Jordyn C

Jordyn C

Generalized Anxiety Disorder. Those three words changed the course of my life forever. Now, I know that I have always been a bit “different” in respects to my peers. No other students double and triple checked about the due date of an assignment. They didn’t go into an anxious panic because the plan was changed. Oh, and my favorite, they didn’t throw up every night before bed because they got so worried that they wouldn’t sleep. None of them had anxiety to the extent that I did.

I am officially diagnosed with Generalized Anxiety Disorder, Panic Disorder with Agoraphobia, Obsessive Compulsive Disorder, Social Anxiety, PTSD, and Depression. So many different titles to the witch’s brew that is my mind. I was diagnosed with these conditions when I was just 14 years old, but have long suffered and have been blamed for them since early childhood. Mental Illness is a tricky thing. Today, there are many resources, commercials, and overall awareness about it. When I was a kid in the early 2000s, it was severely lacking. I was written off as extremely shy, weird, clingy, and perfectionist freak. What nobody saw and what I couldn’t express, was that I was being forced to be this way.

Beginning treatment was the hardest thing I ever did. Being desperate for help, yet having your mind fighting you the entire time made for a difficult time. I wish all the time that I had the resources back then that I do now. I was told that I need to retrain my brain in order to get better. How the heck do you train your brain, let alone retrain it? On and off so many different medicines, going through different therapies, and having several deaths in the family made for a steep slope of decline. Not to mention being a teenager and truly realizing for the first time how different you are from everyone else. That you are not “normal”.

Those years were the roughest of my life. However, I chose to fight, I fought against all those demons in my head. When they screamed at me, I cowered, but spit out a quiet no back. I was beginning to see that there is no “fixing” anxiety. There is no fixing me. For a long time that devastated me. I saw myself as someone who was broken and unworthy. I felt that I wasn’t worth the space I took up.

Little did I know, that these intrusive thoughts were not my own. I began to learn that my brain likes to lie to me. It enjoys being conniving and evil. My mind would do anything to destroy me. In fact, your brain actually gets a high from the adrenaline rush. Weird, right? My mind was basically ruining my entire existence for its own satisfaction. If that is not pure evil, then I do not know what is.

Mental illness is tough in the aspect that no one can help you progress, except you. Doctors and therapists can give you all the right tools and medicines, but none of it will matter unless you decide to step into the fight. I chose to become an active part of my treatment because I realized that it was my only chance to change my life. I went through years of Cognitive Behavioral Therapy, dream analyzing, deep breathing, meditation, you name it.

With modern medicine today, there is a big conception out there that anything can be treated with medicine. You can get better, healed, fixed, whatever. Mental Illness is a loophole to this type of thinking. I can never get rid of my anxiety. It will always share the same headspace as I, but I can choose to embrace it. Anxiety has become part of me, but it does not define me. It has shaped who I am, given me empathy, and made my personality. Anxiety is a huge part of what makes me a unique individual.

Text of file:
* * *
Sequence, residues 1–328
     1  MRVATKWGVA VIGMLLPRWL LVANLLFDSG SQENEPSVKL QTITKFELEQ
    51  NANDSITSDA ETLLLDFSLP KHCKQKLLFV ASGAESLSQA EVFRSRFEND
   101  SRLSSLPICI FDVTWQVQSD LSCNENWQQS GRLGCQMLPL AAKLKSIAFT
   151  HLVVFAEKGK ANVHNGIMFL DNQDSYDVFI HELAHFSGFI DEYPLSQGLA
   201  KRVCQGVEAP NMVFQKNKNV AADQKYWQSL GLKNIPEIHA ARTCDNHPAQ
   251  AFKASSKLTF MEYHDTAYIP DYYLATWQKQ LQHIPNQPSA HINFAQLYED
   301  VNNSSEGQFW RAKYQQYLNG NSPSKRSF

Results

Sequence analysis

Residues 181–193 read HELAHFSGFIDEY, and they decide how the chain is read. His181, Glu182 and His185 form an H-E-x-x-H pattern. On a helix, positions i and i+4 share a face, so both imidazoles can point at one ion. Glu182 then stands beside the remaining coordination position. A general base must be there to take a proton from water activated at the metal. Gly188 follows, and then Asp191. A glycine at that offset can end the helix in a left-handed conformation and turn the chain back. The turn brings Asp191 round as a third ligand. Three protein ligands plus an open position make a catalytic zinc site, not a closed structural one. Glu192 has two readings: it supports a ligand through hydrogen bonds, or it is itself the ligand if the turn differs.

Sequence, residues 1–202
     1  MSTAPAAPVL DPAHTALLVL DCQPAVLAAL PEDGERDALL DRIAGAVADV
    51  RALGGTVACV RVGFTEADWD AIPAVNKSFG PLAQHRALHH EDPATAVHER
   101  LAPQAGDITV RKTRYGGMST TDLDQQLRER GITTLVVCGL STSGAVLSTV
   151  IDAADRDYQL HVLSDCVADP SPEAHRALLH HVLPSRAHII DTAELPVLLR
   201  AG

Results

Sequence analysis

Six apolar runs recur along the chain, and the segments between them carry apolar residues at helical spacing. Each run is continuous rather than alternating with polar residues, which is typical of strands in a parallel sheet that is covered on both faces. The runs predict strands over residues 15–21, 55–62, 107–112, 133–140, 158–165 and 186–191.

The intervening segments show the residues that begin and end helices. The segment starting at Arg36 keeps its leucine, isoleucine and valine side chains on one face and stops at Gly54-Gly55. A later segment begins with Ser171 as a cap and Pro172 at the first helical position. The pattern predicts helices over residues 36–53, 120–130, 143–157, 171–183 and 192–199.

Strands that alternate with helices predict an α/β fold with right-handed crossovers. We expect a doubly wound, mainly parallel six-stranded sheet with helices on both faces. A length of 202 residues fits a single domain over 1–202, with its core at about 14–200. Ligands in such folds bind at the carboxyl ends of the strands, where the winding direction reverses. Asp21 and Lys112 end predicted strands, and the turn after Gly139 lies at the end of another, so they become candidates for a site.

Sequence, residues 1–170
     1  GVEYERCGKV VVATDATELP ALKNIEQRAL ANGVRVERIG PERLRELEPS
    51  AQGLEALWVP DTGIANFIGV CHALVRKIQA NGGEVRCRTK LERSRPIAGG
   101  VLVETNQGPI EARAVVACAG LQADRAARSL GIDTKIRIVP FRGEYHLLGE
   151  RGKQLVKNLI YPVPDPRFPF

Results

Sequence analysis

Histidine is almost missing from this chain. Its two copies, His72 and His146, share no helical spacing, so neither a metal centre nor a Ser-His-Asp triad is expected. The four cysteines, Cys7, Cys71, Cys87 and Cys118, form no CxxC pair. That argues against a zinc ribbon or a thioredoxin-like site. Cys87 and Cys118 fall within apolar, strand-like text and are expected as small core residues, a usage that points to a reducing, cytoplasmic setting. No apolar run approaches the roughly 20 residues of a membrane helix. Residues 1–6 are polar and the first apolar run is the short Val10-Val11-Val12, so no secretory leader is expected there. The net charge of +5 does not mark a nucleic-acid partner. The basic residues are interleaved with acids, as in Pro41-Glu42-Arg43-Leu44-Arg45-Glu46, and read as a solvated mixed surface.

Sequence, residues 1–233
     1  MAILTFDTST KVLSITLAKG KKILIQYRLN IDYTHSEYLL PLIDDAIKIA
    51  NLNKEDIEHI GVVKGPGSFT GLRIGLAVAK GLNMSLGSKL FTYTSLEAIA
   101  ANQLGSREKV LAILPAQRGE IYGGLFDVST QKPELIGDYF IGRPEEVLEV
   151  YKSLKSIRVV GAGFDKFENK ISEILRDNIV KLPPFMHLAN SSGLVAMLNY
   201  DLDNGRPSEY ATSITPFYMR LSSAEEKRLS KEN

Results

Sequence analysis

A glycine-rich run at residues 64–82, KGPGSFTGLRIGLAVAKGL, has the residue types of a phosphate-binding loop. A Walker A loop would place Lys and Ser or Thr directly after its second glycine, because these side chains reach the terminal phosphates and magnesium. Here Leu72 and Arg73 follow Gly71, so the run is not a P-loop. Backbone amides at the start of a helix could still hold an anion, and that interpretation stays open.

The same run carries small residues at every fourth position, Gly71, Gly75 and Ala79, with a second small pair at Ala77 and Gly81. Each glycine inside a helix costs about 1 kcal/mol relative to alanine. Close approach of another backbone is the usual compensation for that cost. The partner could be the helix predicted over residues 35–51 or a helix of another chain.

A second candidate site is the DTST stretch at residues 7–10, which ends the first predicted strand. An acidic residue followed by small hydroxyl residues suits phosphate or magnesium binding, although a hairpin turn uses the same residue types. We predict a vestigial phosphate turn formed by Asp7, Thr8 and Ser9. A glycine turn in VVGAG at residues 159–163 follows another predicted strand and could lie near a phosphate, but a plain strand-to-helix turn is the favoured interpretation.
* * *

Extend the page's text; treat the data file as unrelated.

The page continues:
I will always have anxiety and other co-morbid conditions. There is nothing I can do to change that. However, I can use my resources and the “good” place that I am at in my head to help someone else. I have always wished that someone who knew what I was going through was there to help me out all those years ago. Yet, it seems like I get to be this person for other people. I have been given the opportunity to help my friends online and in person to get help for their anxiety before it became a serious problem.

As I see it, my situation in life has given me two choices. I can sit and wallow in self-pity or I can be proactive and be an advocate for others like me. There is still a stigma about even the phrase “mental illness”, despite the amount of awareness gained in twenty years. We are still criticized, ostracized, and left out. People still are unaware that having a mental illness does not mean that I am going to murder you on the spot.

I want to be part of changing this thought process. I want to end the stigma for myself and all of the other warriors out there. We are all individuals who have individual needs. We all like different types of music, do our hair in different ways, and like to talk to friends. This is because we are people. Human beings. Not human weirdos to be scared of because they deal with a mental health condition. You don’t see me freaking out because someone has a cast on their arm? Or cancer? I didn’t decide that they are suddenly less than, because they deal with something. So why cant others do that for us?

I want you to be encouraged by reading this article. You will get to a better place if you choose to. Be active in your treatment and be kind to yourself. I mean think about it, the only thing tough enough to fight you is you. You can progress and you can choose to embrace the cards you’ve been dealt. Know that you are not alone in your journey. There are millions of fellow warriors fighting by your side. I believe in you.

I am a young woman who has dealt with mental and chronic illnesses all of her life. After battling for years, I have chosen to be an advocate for those like me. Life is worth the living and I am not defined by what I deal with. It is what

By | 2019-01-31T07:57:42+00:00 February 1st, 2019|Categories: Stigma Fighters|0 Comments

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